TMU course trains students in the Carnival Arts

by Lincoln Depradine
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Candice Dixon

One of the skills of carnival arts that many worry could become a thing of the past is wire-bending. Toronto Metropolitan University (TMU), however, is playing a role in ensuring that wire-bending, and carnival costume-making in general, are continued into the future in a program taught by Jamaican-born Candice Dixon.
“I am a wire-bender. I think it’s an artform that is getting lost; a lot of the people in Toronto that do it are elders and it’s not being passed down.
“So, it’s something that I want to make sure lives on,” Dixon told Share.
The TMU course is a collaboration between the university’s School of Fashion and SugaCayne, a company founded and co-owned by Dixon and partner Dwayne Dixon.
SugaCayne, described as a “boutique Caribbean carnival costume design and production company”, was launched in 2010 and has participated in several high-profile events such as Toronto Carnival, “ArtworxTO” and “The Bob Marley Experience”.
“We are artists first and foremost,” Dwayne Dixon said in an interview with Share. “We push the boundaries when it comes to fabrication, feathering, beading and wire-bending. But we also understand that things change; when mas’ began, it was about using the elements and material that were around you.”
Dixon is a former executive director of the Nia Centre for the Arts.
“Fast-forward to 2024. If you look at what’s around you today, you’ll find 3D printers and laser-cutting machines and those are some of things that we now incorporate on top of the foundation to push evolution through carnival costumes.”
The TMU Carnival Arts course, which is said to be the first-ever costume design program in Canada, started about seven years ago and was developed by Candice Dixon.
It’s a “trans-disciplinary live event super-course”, said TMU’s Caron Phinney. “It’s a big course.”
Phinney, an assistant professor, is also director of the undergraduate program in inclusion, design and technology.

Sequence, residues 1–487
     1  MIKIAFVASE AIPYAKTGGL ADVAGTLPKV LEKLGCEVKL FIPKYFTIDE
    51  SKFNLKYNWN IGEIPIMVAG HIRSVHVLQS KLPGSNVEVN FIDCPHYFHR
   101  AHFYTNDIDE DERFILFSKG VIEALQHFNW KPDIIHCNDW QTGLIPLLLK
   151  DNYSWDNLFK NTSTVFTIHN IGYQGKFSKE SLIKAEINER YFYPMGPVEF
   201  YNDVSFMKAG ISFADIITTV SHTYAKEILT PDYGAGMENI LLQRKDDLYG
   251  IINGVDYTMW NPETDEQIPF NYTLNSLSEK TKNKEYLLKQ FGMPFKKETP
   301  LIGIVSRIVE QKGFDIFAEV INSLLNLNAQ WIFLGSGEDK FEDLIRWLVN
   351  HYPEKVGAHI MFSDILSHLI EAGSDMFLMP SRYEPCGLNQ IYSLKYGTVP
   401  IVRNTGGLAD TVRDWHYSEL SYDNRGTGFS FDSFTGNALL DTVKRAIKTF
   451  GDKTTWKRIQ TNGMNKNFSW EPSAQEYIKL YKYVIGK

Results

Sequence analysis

She was present at a student-curated Carnival Arts showcase at the university. The runway event also featured a display of select costumes from SugaCayne’s “Innovation in Mas” collection, and included entertainment from Panatics Steel Orchestra, as well as the sharing of carnival history information by entertainer and former Canadian Calypso Monarch, Henry “Cosmos” Gomez.
Phinney described the students’ production as “colourful and intricate design work that celebrates not just Caribbean tales, but also encourages students to learn from, explore and embrace their own cultural background”.
Students in the Carnival Arts credit course engage not only in wire-bending, but also utilize other things such as thermoforming, digital fabrication, recycled material and laser-cutting techniques.
Candice Dixon, who is trained in fashion design and visited Trinidad on an Ontario Arts Council-sponsored study visit, said the TMU course is “all about carnival arts and carnival history”.
“The beginning of the course is really about the history of carnival; where it started, why we do this. It’s more than just a street party; that we’re actually celebrating our freedom,” Dixon said.
The course’s second part, said Dixon, is about “storytelling”, with students being asked to “come in with an idea, like a pretty costume they’ve seen and that they want to replicate. Here, they must tell a story with an overarching theme, with five sub-themes and they must dive in and tell me a story.
“That is about fabrication and how the costume is going to be produced”.
Wire-bending, Dixon added, “is an essential part of the selection of their final costume piece. But I also understand that we are in the 21st century; that technology is a huge part of everything that we do. And I want to elevate the artform a little by adding some digital fabrication, such as 3D printing and laser cutting.
Environmental sustainability is also a component of the program, and students are encouraged to reuse material and incorporate it into their costume design.
Dixon, creative director of SugaCayne, said carnival in Toronto has been “a part of the fabric” of her life.
“I decided in 2017 that I really wanted to learn more so I received a grant from the Ontario Arts Council and went down to Trinidad and was a mentee under one of the best designers down there in terms of wire-bending, feather-placing, beading, and all of that,” she said

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